As I noted earlier if you’re a Hipstamatic owner you can import the lenses and films from the HipstaPaks that you previously purchased. I found this design choice odd. As a Hipstamatic owner who has purchased nearly all of the HipstaPaks I was very happy to see this feature but it seems that it negates a big part of their income generation, which is a subscription fee for the lenses and films. From what I can tell this feature is completely separate from the subscription so right now there is very little incentive for me to pay them. This might change if they make Oggl-only lenses and films but so far all releases of films and lenses have been done for both apps.
Oggl User Interface
The main Oggl UI consists of a camera view with a multi-function slider area that allows the user to manipulate lens/film combinations in various ways (more on this later), and three button which allow the user to access the built-in photo library (picture frame icon), trigger the shutter (camera icon), and get to the social/sharing portions of the app (globe icon).
The camera view in Oggl is pretty standard with the view window and a button to take a picture. There are several markings in the view that are a bit odd:
- Crosshatches in the corners.
- I did some testing to see if these had any effect and I found that parts of the picture on the outer edge of the crosshatches still show up in the final photo. I had expected them to control what part of the frame actually showed up in the final shot but they appear to be cosmetic.
- Two rounded rectangles on the sides and two in the middle.
- I am not sure what these are for. I assume composition aids but I really can’t tell.
- An exposure box.
- Can be moved to set exposure somewhere other than the center of the frame.
- A focus circle.
- This rotates while the camera is focusing. Focus is strictly in the center of the frame and can’t be moved as in other camera apps.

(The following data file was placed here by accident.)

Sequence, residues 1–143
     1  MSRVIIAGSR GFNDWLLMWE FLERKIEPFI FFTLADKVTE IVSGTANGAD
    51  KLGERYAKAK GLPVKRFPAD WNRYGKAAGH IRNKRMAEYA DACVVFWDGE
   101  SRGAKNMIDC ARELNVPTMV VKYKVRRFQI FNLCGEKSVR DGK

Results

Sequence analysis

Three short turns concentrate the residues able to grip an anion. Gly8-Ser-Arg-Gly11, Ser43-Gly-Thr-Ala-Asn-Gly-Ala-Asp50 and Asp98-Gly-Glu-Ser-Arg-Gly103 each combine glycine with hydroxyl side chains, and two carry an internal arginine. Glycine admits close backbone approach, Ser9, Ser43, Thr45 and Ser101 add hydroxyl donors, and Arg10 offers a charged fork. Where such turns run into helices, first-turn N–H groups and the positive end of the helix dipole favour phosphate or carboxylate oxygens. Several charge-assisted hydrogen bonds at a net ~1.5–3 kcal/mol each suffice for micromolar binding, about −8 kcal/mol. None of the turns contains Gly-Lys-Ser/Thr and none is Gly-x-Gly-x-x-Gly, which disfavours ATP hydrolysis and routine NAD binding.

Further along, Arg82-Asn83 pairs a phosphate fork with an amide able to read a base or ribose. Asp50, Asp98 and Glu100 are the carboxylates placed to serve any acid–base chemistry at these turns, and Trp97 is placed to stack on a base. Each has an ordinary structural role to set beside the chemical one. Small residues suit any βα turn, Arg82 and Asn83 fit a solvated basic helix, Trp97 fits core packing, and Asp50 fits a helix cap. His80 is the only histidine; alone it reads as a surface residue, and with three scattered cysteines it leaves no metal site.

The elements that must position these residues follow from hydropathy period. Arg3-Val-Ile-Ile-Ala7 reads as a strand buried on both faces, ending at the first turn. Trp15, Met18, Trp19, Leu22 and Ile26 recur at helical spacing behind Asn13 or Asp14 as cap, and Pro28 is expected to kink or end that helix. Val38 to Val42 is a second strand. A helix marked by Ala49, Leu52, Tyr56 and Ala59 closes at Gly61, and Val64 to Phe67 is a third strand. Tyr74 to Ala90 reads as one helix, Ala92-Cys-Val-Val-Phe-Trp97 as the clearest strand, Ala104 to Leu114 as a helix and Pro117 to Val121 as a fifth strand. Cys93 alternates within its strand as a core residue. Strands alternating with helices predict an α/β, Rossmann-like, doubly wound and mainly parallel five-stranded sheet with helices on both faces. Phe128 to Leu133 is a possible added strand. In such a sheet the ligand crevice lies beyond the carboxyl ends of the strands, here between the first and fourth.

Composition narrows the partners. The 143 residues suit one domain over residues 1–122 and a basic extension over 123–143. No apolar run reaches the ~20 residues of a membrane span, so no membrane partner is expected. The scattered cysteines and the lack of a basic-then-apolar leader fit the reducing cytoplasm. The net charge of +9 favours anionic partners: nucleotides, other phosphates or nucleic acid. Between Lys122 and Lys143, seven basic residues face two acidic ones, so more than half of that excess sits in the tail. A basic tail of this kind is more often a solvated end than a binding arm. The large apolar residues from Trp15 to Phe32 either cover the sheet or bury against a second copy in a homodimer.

Slider and Presets
The slider control that sits under the camera view slides to the left and right and allows the user to do multiple things. The center of the slider is where the user can choose a preset. The icons that represent the built-in presets are probably the one thing most camera owners would recognize. There are built in presets for landscapes, portraits, etc., five in all.
Presets are simply a combination of a lens and a film. It is possible to create your own presets or replace the ones that come with Oggl. Swiping to the right in the slider brings up a + sign (see the screenshot above) once the end of the presets are reached. Tapping on it brings up the following screen:
All of the presets are shown along with a preview of what they look like on a photo. Tap an existing one to change it or the + sign to create a new one.
Choosing a lens and a film combination will update the preview. Tapping on the text showing the name of the film and lens chosen will bring up a keyboard allowing you to name the preset however you’d like as well as allow you to choose an icon to represent the preset.
Sliding all the way to the left on the slider brings up an “M” icon which I assume stands for “manual”. Here you can choose a film and lens combo that stays in effect until you either choose another or choose a preset.